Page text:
There are times when I read an article or news story and scratch my head and say, “Really?” That thought occurred to me in spades as I read about Unocal’s horrible experience from outsourcing litigation portfolio using a reverse auction process. The fiasco is described in an article by Ashley Post in InsideCounsel Magazine.
Now I am not against outsourcing some aspects of legal. It’s been done for years. Isn’t that what outside counsel is all about? And I have seen it done very well. So I am not surprised that the Unocal in-house legal team wanted to find creative ways to cut costs in the oil company’s legal department. One of the big legal expenses at Unocal was environmental litigation: at the time, the article relates, “an average Unocal environmental case took three years to resolve, cost $500,000 in legal fees and typically settled for $1 million or more.”
But in reading the Unocal saga, There’s no surprise as to why it failed miserably. Here are the highlights.
First, Unocal decided to do a reverse auction. You read that right – a reverse auction for litigation portfolio management of environmental lawsuits. Unocal approached eLawForum to manage a reverse auction and find a law firm to handle Unocal’s environmental litigation for a fixed-fee that would amount to a fraction of its spend. eLawForum hosted a competitive reverse-auction online-bidding session among prospective law firms, and following eight rounds of bidding, Unocal chose the law firm Howrey in August 2004 to handle 200 of its environmental cases for a fixed fee of $15 million under a five-year agreement. Unocal also agreed to pay a total of $6.9 million to eLawForum for its services in quarterly installments.
What went wrong? For one thing, Unocal was apparently blinded by its general counsel’s estimate of huge savings—about $160 million—in legal fees and resolution costs under the arrangement. That was probably a bit ambitious.
Then—business happened. Chevron acquired Unocal for approximately $18 billion in 2005. Soon thereafter Unocal terminated the contract with Howrey.
At that point Unocal had paid eLawForum two installments totaling $4.6 million. But once its contract with Howrey ended, Unocal said eLawForum wasn’t entitled to further payments because it had not realized any further savings through the relationship eLawForum had arranged with Howrey. Unocal also argued that based upon the work that Howrey had so far completed, eLawForum had only earned $3.1 million, so it wanted eLawForum to refund the difference. eLawForum countered that Unocal still owed it for the full $6.9 million installment amount as outlined in the contract because it was a fixed amount. Howrey subsequently went defunct. Lawsuits ensued.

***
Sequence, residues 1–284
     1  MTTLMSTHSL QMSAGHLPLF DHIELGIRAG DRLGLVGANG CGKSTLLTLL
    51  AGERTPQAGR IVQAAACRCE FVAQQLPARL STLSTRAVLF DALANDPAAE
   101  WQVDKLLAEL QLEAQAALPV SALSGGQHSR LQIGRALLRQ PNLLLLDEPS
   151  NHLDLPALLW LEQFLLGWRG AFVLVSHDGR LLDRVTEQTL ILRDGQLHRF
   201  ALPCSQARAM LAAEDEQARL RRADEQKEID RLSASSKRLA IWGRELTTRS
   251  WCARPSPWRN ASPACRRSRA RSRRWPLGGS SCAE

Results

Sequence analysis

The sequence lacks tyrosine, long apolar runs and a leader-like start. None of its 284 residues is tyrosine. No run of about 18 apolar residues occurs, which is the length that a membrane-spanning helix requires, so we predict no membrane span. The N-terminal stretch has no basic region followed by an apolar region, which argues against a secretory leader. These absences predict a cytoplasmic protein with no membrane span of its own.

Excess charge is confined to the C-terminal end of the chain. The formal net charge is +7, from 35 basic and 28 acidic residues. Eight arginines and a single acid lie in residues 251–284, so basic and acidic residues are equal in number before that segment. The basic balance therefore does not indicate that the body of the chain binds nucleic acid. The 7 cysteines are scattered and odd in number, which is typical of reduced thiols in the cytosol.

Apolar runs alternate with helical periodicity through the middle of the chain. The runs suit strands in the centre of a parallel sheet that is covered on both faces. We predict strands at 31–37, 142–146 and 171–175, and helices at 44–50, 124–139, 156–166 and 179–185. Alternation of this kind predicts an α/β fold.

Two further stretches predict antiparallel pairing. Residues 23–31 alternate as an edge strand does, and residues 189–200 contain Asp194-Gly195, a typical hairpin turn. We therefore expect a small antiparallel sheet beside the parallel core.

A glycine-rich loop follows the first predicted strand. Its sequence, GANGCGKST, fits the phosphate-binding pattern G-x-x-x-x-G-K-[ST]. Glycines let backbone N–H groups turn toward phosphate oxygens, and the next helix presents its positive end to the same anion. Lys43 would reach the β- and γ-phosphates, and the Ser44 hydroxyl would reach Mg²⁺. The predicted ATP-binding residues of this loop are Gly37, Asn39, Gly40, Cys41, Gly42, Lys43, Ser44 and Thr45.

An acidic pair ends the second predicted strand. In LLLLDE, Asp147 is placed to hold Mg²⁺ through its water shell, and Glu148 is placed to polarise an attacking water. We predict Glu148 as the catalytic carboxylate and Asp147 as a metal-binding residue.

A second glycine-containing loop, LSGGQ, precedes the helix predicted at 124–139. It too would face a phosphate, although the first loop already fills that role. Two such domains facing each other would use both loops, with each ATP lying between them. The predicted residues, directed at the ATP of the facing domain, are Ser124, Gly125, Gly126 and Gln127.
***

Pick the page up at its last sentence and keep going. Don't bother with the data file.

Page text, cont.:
After a long legal battle, the D.C. Circuit Court of Appeals in August found that the contract’s meaning was clear and that Unocal owed the full $6.9 million.
There are several lessons here. Somewhere along the way due diligence was lost, or downplayed. Reverse auctioning something like legal portfolio management. Seriously? Shame on Unocal for thinking that was smart and shame on Howrey for bidding on value-add brainpower work in a variable environment using an reverse auction. Service providers need to start telling their potential clients they are stupid rather than chase the top line.
Another lesson is that a transactional focus to achieve huge savings under a fixed-cost contract can easily backfire, especially with something as complicated and multi-dimensional as environmental litigation. Unocal’s desired outcome was one-sided and based purely on cost reduction; its contract with eLawForum did not have a shared vision of what real win-win success would look like.
Next there was a lack of clear communication and trust, and the nature of the contract meant that it lacked the flexibility to adjust to changed business circumstances.
Instead of creating and sharing value together, and collaborating to solve problems—the Vested way—the parties wound up spending years in court, with a law firm out of business and Unocal holding the bag for about $7 million. Lots of money was spent – mostly going to more lawyers rather than creating value by for Unocal by finding the Pony.
The good news? Maybe this will teach some of the risk-shifting lawyers out there that over-commoditizing value-added work and shifting risk under poorly structured transaction-based approaches is a recipe for disaster.
Image: for environment by smif via Flickr cc